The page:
By Dan Walters
Published: Sunday, Jun. 17, 2012 – 12:00 am | Page 3A
As votes in California’s primary were being counted on June 5, Stockton’s City Council was giving its city manager permission to file for bankruptcy protection if negotiations with creditors failed to bear fruit.
The vote-counting quickly revealed that voters in San Jose and San Diego had overwhelmingly approved landmark reforms in pensions for city employees. Almost immediately, city worker unions filed suit to block the reforms.
They and other public employee unions are also pressing the Legislature to revise a newly enacted state law to make it more difficult for local governments to seek bankruptcy protection, fearing that a federal bankruptcy judge could set aside union contracts and perhaps even modify pensions.
Meanwhile, Gov. Jerry Brown wants changes in retirement benefits for state workers, warning lawmakers that without them, public backlash, as evinced in San Diego and San Jose, could doom voter approval of new taxes.
However, Democratic legislators are utterly dependent on public employee workers for campaign sustenance and are clearly leery about serious pension changes.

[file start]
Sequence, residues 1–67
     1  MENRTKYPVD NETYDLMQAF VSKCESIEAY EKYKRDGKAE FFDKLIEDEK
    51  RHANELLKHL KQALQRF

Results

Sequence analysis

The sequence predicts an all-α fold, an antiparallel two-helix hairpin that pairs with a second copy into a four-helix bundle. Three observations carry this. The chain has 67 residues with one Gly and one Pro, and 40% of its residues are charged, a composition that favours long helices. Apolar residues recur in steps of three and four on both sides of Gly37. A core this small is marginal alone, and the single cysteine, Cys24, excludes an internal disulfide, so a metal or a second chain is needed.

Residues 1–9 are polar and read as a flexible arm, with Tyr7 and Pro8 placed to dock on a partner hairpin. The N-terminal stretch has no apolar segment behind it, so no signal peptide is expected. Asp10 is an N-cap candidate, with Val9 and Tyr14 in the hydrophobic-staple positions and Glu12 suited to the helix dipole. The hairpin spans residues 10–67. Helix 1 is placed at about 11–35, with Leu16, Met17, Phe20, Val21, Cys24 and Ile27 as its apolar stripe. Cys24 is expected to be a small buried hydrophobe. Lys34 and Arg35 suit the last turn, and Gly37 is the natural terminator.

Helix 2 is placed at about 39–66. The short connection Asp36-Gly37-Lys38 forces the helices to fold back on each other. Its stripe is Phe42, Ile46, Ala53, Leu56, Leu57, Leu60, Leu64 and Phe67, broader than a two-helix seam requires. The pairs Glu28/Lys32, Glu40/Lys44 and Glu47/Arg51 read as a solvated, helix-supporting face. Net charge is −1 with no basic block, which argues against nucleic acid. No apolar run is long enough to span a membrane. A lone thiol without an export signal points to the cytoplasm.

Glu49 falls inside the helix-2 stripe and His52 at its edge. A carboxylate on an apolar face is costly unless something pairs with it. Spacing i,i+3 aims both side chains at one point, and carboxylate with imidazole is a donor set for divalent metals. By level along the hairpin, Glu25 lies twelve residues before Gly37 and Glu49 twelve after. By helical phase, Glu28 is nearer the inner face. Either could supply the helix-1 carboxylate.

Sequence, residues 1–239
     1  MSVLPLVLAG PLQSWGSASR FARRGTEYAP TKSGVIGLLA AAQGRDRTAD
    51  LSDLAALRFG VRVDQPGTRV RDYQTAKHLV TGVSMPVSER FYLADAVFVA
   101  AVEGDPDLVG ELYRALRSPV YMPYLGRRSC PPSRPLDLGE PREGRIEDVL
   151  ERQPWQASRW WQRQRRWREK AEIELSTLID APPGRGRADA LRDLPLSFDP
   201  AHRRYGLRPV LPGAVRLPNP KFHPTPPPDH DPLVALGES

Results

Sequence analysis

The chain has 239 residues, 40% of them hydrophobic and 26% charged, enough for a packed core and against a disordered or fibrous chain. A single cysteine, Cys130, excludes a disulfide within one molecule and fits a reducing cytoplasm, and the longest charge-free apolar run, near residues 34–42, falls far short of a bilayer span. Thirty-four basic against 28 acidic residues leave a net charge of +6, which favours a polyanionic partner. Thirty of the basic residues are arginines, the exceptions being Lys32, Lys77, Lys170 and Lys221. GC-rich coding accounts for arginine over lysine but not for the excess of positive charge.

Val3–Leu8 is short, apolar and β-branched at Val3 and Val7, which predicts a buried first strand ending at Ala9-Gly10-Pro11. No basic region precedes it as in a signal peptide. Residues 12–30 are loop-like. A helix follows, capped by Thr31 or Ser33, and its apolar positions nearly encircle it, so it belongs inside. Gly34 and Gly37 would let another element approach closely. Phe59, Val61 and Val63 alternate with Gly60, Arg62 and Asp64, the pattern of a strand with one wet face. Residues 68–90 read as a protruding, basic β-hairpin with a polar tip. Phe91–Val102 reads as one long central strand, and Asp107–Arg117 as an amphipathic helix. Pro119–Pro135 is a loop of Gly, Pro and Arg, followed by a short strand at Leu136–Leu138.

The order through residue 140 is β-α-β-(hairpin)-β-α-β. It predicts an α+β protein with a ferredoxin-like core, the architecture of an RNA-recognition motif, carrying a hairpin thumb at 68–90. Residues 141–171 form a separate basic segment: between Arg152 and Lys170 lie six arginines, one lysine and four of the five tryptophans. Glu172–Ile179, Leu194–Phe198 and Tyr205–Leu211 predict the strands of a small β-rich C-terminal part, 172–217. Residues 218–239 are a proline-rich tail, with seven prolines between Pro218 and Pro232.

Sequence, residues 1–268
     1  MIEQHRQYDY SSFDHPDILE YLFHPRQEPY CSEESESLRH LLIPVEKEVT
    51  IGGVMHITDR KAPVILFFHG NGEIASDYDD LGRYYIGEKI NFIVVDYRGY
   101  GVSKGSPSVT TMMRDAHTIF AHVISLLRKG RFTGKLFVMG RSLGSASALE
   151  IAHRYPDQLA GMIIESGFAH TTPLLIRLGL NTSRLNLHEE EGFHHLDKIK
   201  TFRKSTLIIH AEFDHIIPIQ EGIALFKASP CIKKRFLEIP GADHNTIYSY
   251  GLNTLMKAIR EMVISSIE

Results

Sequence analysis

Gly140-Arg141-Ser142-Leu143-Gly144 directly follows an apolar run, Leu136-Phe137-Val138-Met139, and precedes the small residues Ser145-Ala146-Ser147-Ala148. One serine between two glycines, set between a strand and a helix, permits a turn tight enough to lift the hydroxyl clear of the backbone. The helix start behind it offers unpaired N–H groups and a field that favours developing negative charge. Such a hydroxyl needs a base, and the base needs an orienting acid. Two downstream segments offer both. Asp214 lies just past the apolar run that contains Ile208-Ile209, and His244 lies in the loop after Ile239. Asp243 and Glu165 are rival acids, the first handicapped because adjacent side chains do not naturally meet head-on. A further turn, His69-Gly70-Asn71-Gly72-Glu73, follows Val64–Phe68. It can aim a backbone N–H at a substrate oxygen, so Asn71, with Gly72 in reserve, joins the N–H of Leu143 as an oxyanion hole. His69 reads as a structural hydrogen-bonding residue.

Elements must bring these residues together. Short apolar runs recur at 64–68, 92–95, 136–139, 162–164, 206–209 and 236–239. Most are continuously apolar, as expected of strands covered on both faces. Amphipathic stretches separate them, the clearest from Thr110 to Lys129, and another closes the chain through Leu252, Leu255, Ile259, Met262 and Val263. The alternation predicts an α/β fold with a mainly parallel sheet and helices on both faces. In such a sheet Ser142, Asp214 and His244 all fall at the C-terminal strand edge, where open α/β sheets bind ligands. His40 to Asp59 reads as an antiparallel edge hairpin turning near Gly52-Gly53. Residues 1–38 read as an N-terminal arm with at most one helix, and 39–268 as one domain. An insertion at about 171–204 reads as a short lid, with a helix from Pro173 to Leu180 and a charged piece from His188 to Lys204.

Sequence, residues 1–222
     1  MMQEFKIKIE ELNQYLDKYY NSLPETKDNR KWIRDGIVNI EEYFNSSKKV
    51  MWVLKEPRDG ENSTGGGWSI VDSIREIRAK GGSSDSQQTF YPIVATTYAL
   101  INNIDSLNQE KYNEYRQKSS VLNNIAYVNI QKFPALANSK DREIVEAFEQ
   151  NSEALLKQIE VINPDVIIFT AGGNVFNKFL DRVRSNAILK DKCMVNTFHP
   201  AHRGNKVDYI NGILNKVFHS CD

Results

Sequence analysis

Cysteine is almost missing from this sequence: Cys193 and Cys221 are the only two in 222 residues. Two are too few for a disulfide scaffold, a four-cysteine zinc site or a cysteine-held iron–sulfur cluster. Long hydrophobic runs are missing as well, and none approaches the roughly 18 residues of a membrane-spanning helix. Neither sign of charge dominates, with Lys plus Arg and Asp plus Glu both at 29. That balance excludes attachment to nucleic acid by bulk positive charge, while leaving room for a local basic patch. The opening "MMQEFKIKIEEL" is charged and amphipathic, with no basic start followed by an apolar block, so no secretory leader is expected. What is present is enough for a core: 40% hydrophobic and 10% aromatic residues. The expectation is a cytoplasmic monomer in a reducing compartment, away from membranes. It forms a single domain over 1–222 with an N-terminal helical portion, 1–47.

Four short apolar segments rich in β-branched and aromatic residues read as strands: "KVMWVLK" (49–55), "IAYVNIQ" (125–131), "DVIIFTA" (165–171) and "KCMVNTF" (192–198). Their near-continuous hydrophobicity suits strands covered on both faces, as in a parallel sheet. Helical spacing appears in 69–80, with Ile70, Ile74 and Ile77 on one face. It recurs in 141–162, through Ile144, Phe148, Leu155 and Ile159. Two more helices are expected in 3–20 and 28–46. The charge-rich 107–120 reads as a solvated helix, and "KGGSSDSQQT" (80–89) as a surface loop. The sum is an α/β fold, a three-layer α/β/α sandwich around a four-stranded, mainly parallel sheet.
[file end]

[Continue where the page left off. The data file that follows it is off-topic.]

Chances are very high that Stockton will file for bankruptcy protection sometime this month, which would be the largest municipal bankruptcy filing in American history.
Rising pension and health care costs are big components of Stockton’s insolvency, but so are many millions of dollars in bonds that the city floated in recent years to finance lavish new recreational and civic facilities, including a sports arena, a baseball park, a marina and a new city hall.
The city’s unions have resisted contract modifications, and the city manager is negotiating with bondholders, trying to persuade them to write down their loans. But there appears to be serious reluctance among bankers, because a Europe-like forgiveness could threaten the entire municipal bond market.
If bankruptcy ensues, the creditors and other stakeholders would line up before the bankruptcy judge, pleading their cases. Would the banks insist that retirement benefits be on the table for haircuts as well as bonds?
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